ComCap, the National Coalition for Community Capital’s annual conference on using community capital to promote shared prosperity, is coming to Detroit this year.
Running from June 11-13 at the College for Creative Studies’ A. Alfred Taubman Center and other smaller venues, ComCap19 will feature 56 speakers over 30 sessions.
"We have been working on this movement in Michigan since 2012," says Angela Barbash. Barbash is the principal at Ypsilanti-based Revalue Investing and an instrumental figure in bringing the conference to Michigan.
In their everyday work, Barbash and her collaborators focus on promoting the importance of shared prosperity through community capital on a smaller scale. That includes efforts such as weekend conferences and community education meetings.
Over the years, she's taught many people the importance of investing in businesses in their communities in order to promote economic equity within those very communities.
"I have found that people understand that when they spend a dollar locally, it has a higher rate of circulation in the community," Barbash says. "It's the same principle when investing locally."
She explains that if someone were to allocate even one percent of their portfolio to a locally-owned business, there is certainly potential that the company would not succeed in the long run. But there is an even greater chance that the money will actually circulate, making a local ripple effect that wouldn't happen if it had been invested in publicly traded stocks.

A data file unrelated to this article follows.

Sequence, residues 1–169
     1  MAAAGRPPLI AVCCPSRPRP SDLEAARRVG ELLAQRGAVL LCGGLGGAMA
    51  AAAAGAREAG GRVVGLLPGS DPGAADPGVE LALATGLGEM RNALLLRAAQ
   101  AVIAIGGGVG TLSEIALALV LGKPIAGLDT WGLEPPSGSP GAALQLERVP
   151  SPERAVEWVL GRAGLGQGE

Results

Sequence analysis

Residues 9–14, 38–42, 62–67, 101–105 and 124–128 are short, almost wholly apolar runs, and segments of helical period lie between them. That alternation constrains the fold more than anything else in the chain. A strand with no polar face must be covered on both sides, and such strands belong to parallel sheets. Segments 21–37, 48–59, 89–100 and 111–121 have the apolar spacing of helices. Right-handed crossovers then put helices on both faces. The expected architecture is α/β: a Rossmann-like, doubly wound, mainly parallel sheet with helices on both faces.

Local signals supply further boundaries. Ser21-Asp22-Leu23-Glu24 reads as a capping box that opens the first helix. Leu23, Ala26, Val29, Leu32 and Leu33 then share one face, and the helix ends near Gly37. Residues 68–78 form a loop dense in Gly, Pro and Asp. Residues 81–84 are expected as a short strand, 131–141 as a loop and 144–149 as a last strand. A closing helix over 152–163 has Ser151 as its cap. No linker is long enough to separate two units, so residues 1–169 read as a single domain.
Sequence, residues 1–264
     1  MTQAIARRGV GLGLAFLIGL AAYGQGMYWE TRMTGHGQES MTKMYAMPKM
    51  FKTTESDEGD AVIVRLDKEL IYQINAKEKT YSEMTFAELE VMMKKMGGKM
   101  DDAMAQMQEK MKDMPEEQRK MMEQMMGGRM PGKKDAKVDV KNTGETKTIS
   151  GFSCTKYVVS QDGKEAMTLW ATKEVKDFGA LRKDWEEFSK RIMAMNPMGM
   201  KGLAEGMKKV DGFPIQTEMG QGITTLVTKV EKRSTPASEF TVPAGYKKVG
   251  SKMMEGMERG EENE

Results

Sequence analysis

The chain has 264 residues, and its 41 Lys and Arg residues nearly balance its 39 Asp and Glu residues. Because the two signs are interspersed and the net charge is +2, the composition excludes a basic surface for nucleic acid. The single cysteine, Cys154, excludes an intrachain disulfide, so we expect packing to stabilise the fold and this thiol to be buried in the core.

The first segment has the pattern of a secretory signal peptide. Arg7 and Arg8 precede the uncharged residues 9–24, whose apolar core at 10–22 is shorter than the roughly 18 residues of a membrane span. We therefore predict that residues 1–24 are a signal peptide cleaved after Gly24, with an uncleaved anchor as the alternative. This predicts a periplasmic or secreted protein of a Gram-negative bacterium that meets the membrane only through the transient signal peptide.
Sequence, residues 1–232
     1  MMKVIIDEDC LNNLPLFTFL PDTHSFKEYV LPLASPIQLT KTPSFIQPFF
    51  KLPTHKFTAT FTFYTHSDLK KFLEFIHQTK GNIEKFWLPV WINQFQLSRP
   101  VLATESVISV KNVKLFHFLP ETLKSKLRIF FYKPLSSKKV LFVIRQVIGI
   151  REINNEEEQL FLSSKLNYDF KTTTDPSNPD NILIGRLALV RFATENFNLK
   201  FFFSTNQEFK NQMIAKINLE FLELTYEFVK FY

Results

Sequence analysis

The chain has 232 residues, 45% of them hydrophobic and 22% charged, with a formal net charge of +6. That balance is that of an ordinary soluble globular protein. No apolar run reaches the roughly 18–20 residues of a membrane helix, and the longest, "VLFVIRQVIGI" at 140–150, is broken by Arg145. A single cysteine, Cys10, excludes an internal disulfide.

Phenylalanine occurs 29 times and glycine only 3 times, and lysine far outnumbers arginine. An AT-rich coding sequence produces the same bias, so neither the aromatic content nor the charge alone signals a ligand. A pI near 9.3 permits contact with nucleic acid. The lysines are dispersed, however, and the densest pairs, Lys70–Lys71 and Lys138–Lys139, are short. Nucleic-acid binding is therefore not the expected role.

"When you start circulating more capital in your community, there's more opportunities for people who have not had access to capital," Barbash says. "There's more opportunities for people to raise their hands and say, 'Hey, I've got a great idea,' or 'I have this business that's growing and I could use some capital too.'"
Barbash pushed for ComCap to be held in Michigan this year because she felt the timing is right for the state to be offered a more in-depth learning opportunity on community capital.
"I feel that Michigan has hit enough of a tipping point that the broader entrepreneurial ecosystem would appreciate learning in a more structured way," Barbash says.
She stresses that the conference is designed to be welcoming both to those new to the topic of community capital, and to those who are already well-versed and engaged in the movement.
"There are a fair amount of sessions that are very one-on-one-oriented with explanations, definitions, and the history of the movement. And there are also a number of sessions that are really deep and technical on specific topics," Barbash says.
A few items on the agenda are: "Community Capital 101," "Restorative Economics: Can Capital Help Heal Communities?," "Models and Opportunities for Shared Prosperity," and "Community Power: Using Community Capital to Create Local Green Energy Economies."
"My community, your community, everyone's community now has the opportunity to shape our economies to serve all its people," Barbash says. "It's up to us to make the most of this new economic power. This conference is all about how to do that."
ComCap19 tickets are priced from $175-$450 and can be purchased here.
Jaishree Drepaul-Bruder is a freelance writer and editor currently in based in Ann Arbor. She can be reached at firstname.lastname@example.org.
Image courtesy of ComCap.